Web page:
John Spencer (born 18 June 1935) is a retired English snooker player who dominated the game in the 1970s along with Ray Reardon.
Snooker was in decline during Spencer's youth, and he did not turn professional until his early 30s, when interest in the game started to revive. He first won the world championship in 1969, and went on to win a total of three times, the last of which was the historic inaugural event at the Crucible Theatre in Sheffield in 1977. He never reached the top of the world rankings, always being eclipsed by his friend and rival Ray Reardon.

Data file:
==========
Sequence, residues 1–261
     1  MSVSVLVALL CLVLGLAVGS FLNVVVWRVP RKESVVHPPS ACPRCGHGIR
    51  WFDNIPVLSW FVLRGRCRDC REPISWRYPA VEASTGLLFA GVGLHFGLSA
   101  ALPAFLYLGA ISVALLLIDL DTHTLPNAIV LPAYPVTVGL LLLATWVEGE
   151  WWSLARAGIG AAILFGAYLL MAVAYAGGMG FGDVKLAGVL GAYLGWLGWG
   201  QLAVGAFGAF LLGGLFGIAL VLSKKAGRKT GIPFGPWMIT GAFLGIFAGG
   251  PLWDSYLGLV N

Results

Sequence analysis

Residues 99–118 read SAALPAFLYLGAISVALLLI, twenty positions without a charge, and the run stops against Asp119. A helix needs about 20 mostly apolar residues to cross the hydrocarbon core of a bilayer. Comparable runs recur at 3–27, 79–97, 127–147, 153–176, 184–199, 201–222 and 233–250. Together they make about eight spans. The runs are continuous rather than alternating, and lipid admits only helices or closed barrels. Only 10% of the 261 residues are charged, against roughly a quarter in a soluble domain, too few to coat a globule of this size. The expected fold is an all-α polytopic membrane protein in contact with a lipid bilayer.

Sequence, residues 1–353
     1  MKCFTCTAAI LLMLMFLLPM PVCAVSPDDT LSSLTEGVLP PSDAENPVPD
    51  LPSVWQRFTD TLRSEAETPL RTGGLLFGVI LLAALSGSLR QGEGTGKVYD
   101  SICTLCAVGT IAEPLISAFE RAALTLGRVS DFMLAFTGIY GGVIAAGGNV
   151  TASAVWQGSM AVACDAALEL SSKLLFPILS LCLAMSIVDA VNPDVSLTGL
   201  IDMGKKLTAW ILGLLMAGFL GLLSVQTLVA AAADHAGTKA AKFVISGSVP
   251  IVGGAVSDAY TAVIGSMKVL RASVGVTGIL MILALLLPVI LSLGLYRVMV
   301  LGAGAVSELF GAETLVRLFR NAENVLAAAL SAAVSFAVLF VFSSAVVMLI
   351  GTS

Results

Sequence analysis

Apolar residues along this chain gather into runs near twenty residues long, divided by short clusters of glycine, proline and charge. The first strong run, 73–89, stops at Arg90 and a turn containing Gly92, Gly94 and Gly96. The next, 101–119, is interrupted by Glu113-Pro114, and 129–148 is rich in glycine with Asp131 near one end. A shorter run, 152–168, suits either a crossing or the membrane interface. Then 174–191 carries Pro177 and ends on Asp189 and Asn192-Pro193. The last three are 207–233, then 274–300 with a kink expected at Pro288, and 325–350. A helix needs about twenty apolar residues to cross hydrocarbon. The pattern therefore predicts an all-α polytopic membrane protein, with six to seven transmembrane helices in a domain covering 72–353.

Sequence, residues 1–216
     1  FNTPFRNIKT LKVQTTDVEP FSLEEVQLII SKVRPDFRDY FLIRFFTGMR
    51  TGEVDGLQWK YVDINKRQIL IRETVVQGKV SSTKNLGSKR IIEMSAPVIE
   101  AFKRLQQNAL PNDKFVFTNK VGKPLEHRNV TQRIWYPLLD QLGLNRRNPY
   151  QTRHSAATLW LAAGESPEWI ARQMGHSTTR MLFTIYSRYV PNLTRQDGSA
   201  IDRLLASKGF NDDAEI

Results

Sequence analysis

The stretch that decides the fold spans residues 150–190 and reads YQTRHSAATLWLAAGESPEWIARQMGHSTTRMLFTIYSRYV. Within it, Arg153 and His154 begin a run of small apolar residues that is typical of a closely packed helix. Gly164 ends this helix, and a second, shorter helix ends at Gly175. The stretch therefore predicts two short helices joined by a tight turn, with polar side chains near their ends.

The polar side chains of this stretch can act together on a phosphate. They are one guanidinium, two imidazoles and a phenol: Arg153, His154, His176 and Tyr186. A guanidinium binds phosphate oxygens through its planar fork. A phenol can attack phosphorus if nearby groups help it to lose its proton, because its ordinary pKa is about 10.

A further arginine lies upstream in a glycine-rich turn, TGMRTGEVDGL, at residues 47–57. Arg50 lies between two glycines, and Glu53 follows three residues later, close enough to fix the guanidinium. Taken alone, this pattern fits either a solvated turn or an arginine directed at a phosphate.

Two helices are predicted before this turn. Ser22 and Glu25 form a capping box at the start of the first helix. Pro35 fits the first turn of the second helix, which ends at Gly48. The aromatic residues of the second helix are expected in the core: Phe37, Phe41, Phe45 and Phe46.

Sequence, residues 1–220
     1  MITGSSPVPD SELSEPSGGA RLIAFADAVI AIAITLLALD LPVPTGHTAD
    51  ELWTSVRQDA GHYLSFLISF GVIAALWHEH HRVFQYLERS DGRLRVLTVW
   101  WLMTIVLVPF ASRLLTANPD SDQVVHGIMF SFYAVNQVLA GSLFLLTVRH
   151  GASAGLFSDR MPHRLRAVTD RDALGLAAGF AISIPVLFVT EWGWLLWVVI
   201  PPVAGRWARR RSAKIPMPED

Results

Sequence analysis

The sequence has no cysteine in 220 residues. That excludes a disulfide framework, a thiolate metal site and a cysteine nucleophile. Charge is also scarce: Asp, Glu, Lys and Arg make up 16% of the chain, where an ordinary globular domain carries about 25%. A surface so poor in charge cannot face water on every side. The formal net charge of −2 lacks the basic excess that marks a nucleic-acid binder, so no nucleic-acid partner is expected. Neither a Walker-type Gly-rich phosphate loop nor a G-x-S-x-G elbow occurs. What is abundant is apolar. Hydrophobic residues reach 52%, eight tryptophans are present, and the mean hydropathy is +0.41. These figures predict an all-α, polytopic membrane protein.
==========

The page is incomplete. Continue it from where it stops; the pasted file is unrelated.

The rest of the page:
In January 1982, Spencer was Steve Davis's opponent when he made a 147 at the Lada Classic tournament in the Assembly Rooms, Derby. Ironically, Spencer had himself made a 147 at a televised event several years earlier, but the cameramen were on their tea break and the table and ball set were not at the correct standard.
Spencer was the first player to use a two-piece cue.
Spencer was also a commentatator on snooker for television for many years, and was chairman of the WPBSA for six years.
He retired from snooker suffering from myasthenia gravis (double vision) in 1985. He has recently been diagnosed with stomach cancer but has recently done a parachute jump. He is also about to publish a book.